Round-trip Data Enrichment between Teradata and Hadoop
February 18th, 2014
Hadoop can be a great complement to existing data warehouse platforms, such as Teradata, as it naturally helps to address two key storage challenges:
Managing large volumes of historical or archival data.
Handling data from non-standard or un-structured sources
The purpose of this article is to detail some of the key integration points and to show how data can be easily exchanged for enrichment between the two platforms.
What Do Hadoop and the Avengers Have in Common?
February 16th, 2014
Ever since I was a kid, I’ve used memorable movie quotes to help people understand a key point in a way that lightens the mood and generates some laughs. If you’re going to work hard, you gotta have fun, right???
“Don’t make me angry… you wouldn’t like me when I’m angry”
The big data market is rife with aspirational marketing misinformation, which among other things causes customer confusion, slows the path to value, and frankly, makes me a little angry.
At Hortonworks, we are maniacally focused on innovating Enterprise Hadoop in the open and enabling our customers and partners to unlock the broadest opportunities that Hadoop has to offer.
Actian, YARN and a Modern Data Architecture with Hadoop
February 14th, 2014
With the growing number of large-scale enterprise deployments of big data, certain limitations have become more apparent bringing to light some weaknesses in this first phase of analytics infrastructures. Hadoop, clearly a very valuable tool for the collection of unstructured data, poses some challenges that need to be overcome for wide spread successful enterprise adoption.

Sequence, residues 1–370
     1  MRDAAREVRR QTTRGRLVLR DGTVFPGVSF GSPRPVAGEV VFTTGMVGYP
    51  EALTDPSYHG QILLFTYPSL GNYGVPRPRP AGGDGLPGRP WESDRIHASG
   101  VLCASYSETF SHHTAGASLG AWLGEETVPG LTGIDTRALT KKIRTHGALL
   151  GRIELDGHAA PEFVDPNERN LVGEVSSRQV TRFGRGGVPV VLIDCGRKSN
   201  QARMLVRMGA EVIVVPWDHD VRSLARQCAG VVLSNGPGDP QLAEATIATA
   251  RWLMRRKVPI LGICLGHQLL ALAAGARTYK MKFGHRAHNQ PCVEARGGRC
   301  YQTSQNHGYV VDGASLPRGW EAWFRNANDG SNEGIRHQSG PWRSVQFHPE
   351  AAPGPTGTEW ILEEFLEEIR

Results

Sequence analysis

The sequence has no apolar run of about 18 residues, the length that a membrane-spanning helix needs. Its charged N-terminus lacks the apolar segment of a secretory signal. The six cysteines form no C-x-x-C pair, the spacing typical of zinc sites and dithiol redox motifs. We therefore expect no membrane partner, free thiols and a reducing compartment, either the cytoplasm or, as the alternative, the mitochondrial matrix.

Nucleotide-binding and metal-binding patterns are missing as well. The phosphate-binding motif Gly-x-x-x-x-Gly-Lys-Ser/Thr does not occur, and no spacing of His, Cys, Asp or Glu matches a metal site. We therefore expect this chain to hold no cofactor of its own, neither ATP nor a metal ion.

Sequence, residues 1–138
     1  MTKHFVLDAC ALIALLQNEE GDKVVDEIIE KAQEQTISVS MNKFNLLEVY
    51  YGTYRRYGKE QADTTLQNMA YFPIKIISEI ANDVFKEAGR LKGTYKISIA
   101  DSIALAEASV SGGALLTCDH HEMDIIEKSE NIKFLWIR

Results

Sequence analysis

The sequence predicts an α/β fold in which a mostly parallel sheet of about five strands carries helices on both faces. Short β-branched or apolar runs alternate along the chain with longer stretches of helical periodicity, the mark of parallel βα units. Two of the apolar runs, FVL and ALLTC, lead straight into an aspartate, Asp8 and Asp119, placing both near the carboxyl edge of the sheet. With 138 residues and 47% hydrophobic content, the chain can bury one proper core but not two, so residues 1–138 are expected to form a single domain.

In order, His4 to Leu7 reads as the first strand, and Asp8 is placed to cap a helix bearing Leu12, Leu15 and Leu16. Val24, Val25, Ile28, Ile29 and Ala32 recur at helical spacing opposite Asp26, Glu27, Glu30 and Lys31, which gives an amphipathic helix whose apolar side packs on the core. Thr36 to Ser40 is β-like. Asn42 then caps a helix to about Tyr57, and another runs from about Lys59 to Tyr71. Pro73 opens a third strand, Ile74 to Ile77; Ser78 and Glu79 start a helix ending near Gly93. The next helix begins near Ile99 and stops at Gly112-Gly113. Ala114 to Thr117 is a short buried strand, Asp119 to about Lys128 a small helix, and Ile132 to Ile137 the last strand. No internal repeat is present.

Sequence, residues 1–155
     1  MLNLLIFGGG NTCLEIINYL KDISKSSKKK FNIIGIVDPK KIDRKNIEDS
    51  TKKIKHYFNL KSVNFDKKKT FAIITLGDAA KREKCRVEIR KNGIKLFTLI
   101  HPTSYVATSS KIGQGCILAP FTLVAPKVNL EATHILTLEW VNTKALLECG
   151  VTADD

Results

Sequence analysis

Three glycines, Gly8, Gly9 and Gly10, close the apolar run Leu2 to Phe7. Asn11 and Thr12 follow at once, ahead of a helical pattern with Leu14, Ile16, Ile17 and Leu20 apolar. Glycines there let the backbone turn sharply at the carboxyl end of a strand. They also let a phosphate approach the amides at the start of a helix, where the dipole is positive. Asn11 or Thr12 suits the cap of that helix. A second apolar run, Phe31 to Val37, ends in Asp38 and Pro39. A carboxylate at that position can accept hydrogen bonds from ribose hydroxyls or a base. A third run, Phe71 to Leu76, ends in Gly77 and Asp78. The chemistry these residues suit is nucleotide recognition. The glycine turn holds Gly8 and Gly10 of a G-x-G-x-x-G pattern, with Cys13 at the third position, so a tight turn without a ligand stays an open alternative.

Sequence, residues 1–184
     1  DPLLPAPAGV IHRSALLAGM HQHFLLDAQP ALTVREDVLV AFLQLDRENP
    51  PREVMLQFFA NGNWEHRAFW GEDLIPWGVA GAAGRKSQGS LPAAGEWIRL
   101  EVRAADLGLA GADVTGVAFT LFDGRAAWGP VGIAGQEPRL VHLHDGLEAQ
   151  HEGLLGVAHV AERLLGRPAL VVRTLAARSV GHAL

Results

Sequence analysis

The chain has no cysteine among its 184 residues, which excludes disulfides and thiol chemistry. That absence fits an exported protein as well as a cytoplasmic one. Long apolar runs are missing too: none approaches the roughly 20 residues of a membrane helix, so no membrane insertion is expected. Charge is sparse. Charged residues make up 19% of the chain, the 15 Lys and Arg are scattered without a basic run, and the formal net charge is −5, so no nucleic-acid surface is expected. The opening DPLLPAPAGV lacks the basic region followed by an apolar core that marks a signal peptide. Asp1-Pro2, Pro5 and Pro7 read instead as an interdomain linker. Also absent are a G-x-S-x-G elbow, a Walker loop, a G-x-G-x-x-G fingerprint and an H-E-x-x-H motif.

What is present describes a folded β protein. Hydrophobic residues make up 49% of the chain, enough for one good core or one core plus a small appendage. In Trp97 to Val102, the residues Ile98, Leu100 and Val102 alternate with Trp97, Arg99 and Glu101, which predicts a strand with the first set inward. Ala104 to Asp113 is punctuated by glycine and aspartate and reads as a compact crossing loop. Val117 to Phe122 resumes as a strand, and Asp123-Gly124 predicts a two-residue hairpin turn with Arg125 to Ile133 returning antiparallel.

In our upcoming webinar on Tuesday Feb 19 at 10 am PT, we will address these issues and highlight how to solve them using Hortonworks Data Platform and our partner Actian.
One of the challenges is the growing number of server clusters in the datacenter as data collection grows exponentially. Here’s where YARN (Yet Another Resource Negotiator) helps to address some of these challenges and essentially leapfrogs MapReduce. YARN breaks Hadoop free of MapReduce restrictions and simplifies the delivery of data services. YARN gives users the option to use better, more efficient compute models and is now able to handle extremely large amounts of data with a dramatic increase in performance. YARN also enables multiple applications to run on the Hadoop environment.
How-to: Make Hadoop Accessible via LDAP
February 18, 2014
Hue, the open source Web UI that makes Apache Hadoop easier to use, easily integrates with your corporation’s existing identity management systems and provides authentication mechanisms for SSO providers. So, by changing a few configuration parameters, your employees can start analyzing Big Data in their own browsers under an existing security policy.
In this blog post, you’ll learn details about the various features and capabilities available in Hue for integrating with likely the most popular authentication mechanism, LDAP. (It is also possible to authenticate Hue users via PAM, SPNEGO, OpenID, OAuth, and SAML, but those topics are for another post.)
Getting MapReduce 2 Up to Speed
February 13, 2014
Thanks to the improvements described here, CDH 5 will ship with a version of MapReduce 2 that is just as fast (or faster) than MapReduce 1.
Performance fixes are tiny, easy, and boring, once you know what the problem is. The hard work is in putting your finger on that problem: narrowing, drilling down, and measuring, measuring, measuring.
Apache Hadoop is no exception to this rule. Recently, Cloudera engineers set out to ensure that MapReduce performance in Hadoop 2 (MR2/YARN) is on par with, or better than, MapReduce performance in Hadoop 1 (MR1). Architecturally, MR2 has many performance advantages over MR1:
Better scalability by splitting the JobTracker into the ResourceManager and Application Masters.
Better cluster utilization and higher throughput through finer-grained resource scheduling.
Less tuning required to avoid over-spilling from smarter sort buffer management.
Faster completion times for small jobs through “Uber Application Masters,” which run all of a job’s tasks in a single JVM.